We are a commune of inquiring, skeptical, politically centrist, capitalist, anglophile, traditionalist New England Yankee humans, humanoids, and animals with many interests beyond and above politics. Each of us has had a high-school education (or GED), but all had ADD so didn't pay attention very well, especially the dogs. Each one of us does "try my best to be just like I am," and none of us enjoys working for others, including for Maggie, from whom we receive neither a nickel nor a dime. Freedom from nags, cranks, government, do-gooders, control-freaks and idiots is all that we ask for.
I spent quite a bit of time in NY, some with Mrs. BD, last week. Some random pics and observations follow.
Whenever I expect to spend a few days in the city, I bring a bag of my shoes that need polishing, new laces, or new soles, to Eddy's in Grand Central Station and pick them up later. If I have a spare 15 minutes, I like to sit in those chairs and get a shine. Like a guy's version of a pedicure. Feels luxurious. Spit shine, better than I can do myself. $10 including $2 tip.
More below the fold -
A busy place, wonderful space. On lower level, an excellent food court not to mention the Oyster Bar Restaurant.
The Waldorf-Astoria, a grande dame NYC hotel, is closing next month for a 4+ year renovation. The new Chinese owners will convert most of it to condos but retain about 250 luxury rooms. Nobody seems to know what they will do with the public spaces and their 1931 art deco decor. A few pics of some public spaces in case they rip it all out.
The massive lobby clock. When I was young, I remember telling dates I'd meet them at The Clock. In recent years, I tell my kids and Mrs. BD to meet me at the clock.
For old times sake, we lunched at the Waldorf's Peacock Alley and at their Bull & Bear. I doubt they will survive the changes. I hate change. The bars in the lobby are also excellent, if pricey.
Their largest meeting room
Another large hall for parties, meetings, etc
Walking around the East Side yesterday, it was impossible to avoid the hordes of middle- and upper-middle class white women marching to protest something. Might have been 100,000 of them, some dragging along husbands, children, and boyfriends. Not clear what they were protesting, but they were obviously having great fun. Lots had signs saying "Hands off my uterus" which puzzled me because nobody wants their uterus. However, they seem to want government permanently in their genitalia as they also seem to want government to pay for their sexual expenses including, or especially, abortions in which case government is indeed in their uterus.
One guy (with a grilfriend) carried a sign saying "Girls just want to have fun." I commented to Mrs. BD that, if this was a pro-abortion march, a more appropriate sign would be "Guys just want to have fun."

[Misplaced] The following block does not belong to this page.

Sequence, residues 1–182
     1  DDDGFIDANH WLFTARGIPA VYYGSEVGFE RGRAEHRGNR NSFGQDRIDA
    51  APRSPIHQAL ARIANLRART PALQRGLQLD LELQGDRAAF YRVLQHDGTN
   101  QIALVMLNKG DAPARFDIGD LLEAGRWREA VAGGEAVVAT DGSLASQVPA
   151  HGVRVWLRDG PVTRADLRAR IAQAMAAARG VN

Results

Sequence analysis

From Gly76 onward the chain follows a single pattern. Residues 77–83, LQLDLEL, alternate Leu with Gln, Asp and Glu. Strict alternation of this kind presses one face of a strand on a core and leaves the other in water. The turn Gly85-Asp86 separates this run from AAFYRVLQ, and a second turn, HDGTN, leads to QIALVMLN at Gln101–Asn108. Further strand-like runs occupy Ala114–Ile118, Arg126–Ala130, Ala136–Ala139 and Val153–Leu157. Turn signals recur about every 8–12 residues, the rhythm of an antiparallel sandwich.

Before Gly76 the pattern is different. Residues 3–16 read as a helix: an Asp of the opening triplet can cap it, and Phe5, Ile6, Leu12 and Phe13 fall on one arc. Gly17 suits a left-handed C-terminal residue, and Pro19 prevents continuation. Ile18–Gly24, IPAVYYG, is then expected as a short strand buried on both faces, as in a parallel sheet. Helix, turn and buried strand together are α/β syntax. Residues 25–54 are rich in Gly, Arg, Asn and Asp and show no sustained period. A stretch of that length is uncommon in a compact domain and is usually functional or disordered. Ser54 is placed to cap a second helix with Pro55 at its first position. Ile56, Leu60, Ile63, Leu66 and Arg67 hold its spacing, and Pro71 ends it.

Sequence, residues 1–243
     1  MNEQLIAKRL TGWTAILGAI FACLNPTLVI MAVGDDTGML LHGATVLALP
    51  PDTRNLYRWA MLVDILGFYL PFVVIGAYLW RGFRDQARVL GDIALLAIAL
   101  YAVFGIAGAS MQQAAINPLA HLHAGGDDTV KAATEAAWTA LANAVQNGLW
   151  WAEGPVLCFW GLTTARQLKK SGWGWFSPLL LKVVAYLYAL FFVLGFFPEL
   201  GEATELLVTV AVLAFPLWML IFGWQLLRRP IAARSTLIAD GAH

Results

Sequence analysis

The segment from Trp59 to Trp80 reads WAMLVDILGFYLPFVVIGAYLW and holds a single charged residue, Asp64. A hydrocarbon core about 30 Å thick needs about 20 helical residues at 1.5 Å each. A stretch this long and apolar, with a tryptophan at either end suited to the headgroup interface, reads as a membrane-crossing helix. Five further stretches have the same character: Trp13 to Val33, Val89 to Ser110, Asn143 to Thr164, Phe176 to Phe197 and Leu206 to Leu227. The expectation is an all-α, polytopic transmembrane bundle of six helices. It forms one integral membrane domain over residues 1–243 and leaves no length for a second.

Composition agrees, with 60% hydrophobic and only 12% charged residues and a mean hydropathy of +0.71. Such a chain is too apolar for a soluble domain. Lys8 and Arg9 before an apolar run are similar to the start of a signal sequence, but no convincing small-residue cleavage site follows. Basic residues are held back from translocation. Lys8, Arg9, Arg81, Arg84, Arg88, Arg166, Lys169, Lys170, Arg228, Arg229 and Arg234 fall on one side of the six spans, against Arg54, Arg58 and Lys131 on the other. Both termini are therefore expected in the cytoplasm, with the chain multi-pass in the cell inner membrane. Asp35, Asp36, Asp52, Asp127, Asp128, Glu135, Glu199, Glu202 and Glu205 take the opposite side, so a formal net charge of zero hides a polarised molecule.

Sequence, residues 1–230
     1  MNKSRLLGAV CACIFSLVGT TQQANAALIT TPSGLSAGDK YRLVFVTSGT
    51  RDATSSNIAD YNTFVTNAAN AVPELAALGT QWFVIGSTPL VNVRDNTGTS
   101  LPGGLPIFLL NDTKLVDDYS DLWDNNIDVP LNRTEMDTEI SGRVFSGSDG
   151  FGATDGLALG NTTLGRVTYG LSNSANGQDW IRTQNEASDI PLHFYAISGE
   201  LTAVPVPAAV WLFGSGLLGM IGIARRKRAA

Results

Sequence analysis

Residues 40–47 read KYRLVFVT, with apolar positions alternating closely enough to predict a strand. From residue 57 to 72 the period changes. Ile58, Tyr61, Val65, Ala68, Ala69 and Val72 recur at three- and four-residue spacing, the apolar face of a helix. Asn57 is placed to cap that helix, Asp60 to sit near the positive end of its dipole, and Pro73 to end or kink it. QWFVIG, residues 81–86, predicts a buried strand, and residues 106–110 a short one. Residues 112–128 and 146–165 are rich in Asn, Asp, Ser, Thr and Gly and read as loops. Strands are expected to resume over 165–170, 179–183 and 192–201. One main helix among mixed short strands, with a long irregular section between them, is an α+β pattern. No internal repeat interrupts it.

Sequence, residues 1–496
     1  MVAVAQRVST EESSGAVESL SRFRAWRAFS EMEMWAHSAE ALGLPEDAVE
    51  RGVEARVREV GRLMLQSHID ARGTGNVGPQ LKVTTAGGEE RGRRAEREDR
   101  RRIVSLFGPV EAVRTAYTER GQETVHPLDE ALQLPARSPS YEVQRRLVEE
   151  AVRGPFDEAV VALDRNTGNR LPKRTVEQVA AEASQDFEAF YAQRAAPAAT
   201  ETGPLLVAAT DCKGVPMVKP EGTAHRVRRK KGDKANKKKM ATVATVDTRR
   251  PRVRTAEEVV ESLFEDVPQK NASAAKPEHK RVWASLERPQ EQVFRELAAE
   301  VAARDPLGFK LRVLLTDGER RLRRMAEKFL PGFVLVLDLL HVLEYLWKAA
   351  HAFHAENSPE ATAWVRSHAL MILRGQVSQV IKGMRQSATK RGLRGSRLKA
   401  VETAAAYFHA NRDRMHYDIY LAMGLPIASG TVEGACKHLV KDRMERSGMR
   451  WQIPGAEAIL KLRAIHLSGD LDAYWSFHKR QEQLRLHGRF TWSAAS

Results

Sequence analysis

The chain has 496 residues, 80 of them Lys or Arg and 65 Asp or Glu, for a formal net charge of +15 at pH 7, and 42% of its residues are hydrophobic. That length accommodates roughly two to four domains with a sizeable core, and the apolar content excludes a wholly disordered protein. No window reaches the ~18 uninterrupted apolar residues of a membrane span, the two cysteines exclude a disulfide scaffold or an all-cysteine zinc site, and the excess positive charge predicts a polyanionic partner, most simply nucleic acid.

Anyway, there were tons of selfies so I think it was a Pussy-Selfie March. Most people who were doing other things and going other places ignored them all.
Some number of our friends were marching. All in good fun, to each his or her own.
We hiked uptown to see the Beyond Caravaggio show at the Met. I had never heard of Valentin de Boulogne. Drama-filled baroque-era pictures, notably with no backgrounds and no floors to put the emphasis on the action. Solomon and the two women:
A 1600s pop music group
The lady is playing a Spinet, a portable harpsichord. The museum displayed one next to the painting. Cool. They invented the portable keyboard:
In my family the kids got a pair of shoes in September for school. Back then they still had those machines that you put the foot in and you could see where your toes were in the shoes. We wore them to school and to play. We wore them in the rain and the snow. God forgive you if you ruined your shoes in that year because your mother wouldn't. We would shine our shoes every Saturday night for church the next day. If the shoes looked pretty bad we would start with soap and water or maybe saddle soap. I actually liked shining my shoes and was always amazed how how much you could bring them back with a little work. Probably not the same today with cheap shoes made in China.
In the military shining shoes was an art and there were artists who excelled at it. I learned at their feet (so to speak). You could get away with a mediocre shine in fatigues but in class A's you better be able to see your face in them. I hung that up after 20 years but I always appreciated good leather shoes and a good shoe shine. A good pair of shoes can be resoled and made to look like new. A cheap pair of shoes will wear out quicker and cannot be saved.
I'm surprised that a shoe shine in NYC isn't more expensive. That's only $2 more than at the airport in OK. Not only am I cheap, but I like to shine my shoes and boots so I would never pay for it. But, I've learned the hard way not to be cheap when it comes to shoe repair shops. How do they do same-day turn around for shoe repairs? I would think they are swamped.